Electricity may be out and communication lines cut off by the tremendous winds and torrential rains of Hurricane Georges, but thanks to good foresight in "hardening" monitoring systems by the U.S. Geological Survey, real-time streamflow data in Puerto Rico continued to flow to reservoir operators, emergency officials, and others who need streamflow information and need it fast.
The USGS maintains a network of 123 real-time gaging stations in Puerto Rico, part of a nationwide network of more than 4,000 real-time stations (part of a larger national network of nearly 7,000 stations) that keep a close eye on what is happening with the country's rivers and streams.
A preliminary assessment of the streamflow network in Puerto Rico shows that about 12 stations were severely damaged.
Because Puerto Rico is so often in the path of destructive hurricanes, USGS hydrologists had developed contingency operations to ensure that information on the effect of hurricane rains on local rivers would be available to those who need it. The streamflow gaging stations in Puerto Rico have been outfitted with satellite-linked data collection platforms that transmit streamflow in real time to the main computer in the USGS Puerto Rico office in San Juan. The entire computer and data relay system in Puerto Rico was backed up with a diesel-powered generator to ensure that information would continue to flow no matter what Mother Nature might do. Throughout the hurricane's pass over the island, data was received into USGS computers from the backup system and data has been provided on a continuous basis to key cooperators.
The streamflow data for Puerto Rico and the other real-time stations throughout the United States are available to the public from the USGS via the World Wide Web http://water.usgs.gov. Data are updated at 15-60 minute intervals.
As an example of the enormous rise in streamflow that can occur as a result of such torrential hurricane rains, the Rio de la Plata at Highway 2 at Toa Alta, downstream from the Puerto Rico Aqueduct and Sewer Authority reservoir, rose from about 10 cubic feet per second (cfs) to a maximum discharge of more than 130,000 cfs in less than 24 hours. Based on historic records available for this river, this may be the great discharge recorded at this site.
The USGS commitment to keep information flowing had a very human side during Hurricane Georges. Dianne Lopez-Trujillo, a computer specialist in the San Juan office, who is also a graduate student at the University of Puerto Rico at Mayaguez, stayed throughout the night to keep the computers operating and to keep information going to the Puerto Rico Aqueduct and Sewer Authority.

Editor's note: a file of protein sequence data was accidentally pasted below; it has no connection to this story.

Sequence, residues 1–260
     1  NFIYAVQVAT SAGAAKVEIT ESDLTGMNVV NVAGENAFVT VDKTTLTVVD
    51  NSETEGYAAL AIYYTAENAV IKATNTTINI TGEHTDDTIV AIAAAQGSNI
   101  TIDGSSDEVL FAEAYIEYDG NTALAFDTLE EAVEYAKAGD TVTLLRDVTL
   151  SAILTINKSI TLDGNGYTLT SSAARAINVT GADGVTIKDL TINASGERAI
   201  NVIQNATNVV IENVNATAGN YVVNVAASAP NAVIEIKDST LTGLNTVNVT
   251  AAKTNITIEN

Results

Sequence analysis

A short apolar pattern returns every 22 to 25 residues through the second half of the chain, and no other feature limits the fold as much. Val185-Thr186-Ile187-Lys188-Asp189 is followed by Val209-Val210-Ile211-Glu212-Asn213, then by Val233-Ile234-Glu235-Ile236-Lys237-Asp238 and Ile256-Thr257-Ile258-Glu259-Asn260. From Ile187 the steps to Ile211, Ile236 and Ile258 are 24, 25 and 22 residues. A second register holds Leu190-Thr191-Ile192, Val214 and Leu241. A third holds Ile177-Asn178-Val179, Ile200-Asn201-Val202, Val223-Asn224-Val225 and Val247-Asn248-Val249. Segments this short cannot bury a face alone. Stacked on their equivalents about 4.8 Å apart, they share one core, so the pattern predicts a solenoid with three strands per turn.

Information on streamflow stage (river height) and discharge (velocity of the river moving past a given point) are critical to reservoir operators in ensuring that reservoirs are not overtopped and that releases can be made to minimize flooding. Preliminary reports from the island were that reservoir gates were open.
While the USGS district office remains closed in the wake of Hurricane Georges, hydrologists continue as best they can to meet their flood response commitments. Teams of hydrologists will be going out to note high-water marks in order to make "indirect" measurements of the discharge of rivers, to delineate the height of storm surges, to map inundated areas and to document the height and severity of flooding. Such post-flood information is critical in developing models of patterns of flooding, or recurrence intervals, that are essential in preparing for future flood events.
As the nation's largest water, earth and biological science, and civilian mapping agency, the USGS works in cooperation with more than 2,000 organizations across the country to provide reliable, impartial scientific information to resource managers, planners, and other customers. This information is gathered in every state by USGS scientists to minimize the loss of life and property from natural disasters, contribute to the sound conservation and the economic and physical development of the nation's natural resources, and enhance the quality of life by monitoring water, biological, energy, and mineral resources.
The above story is based on materials provided by United States Geological Survey. Note: Materials may be edited for content and length.
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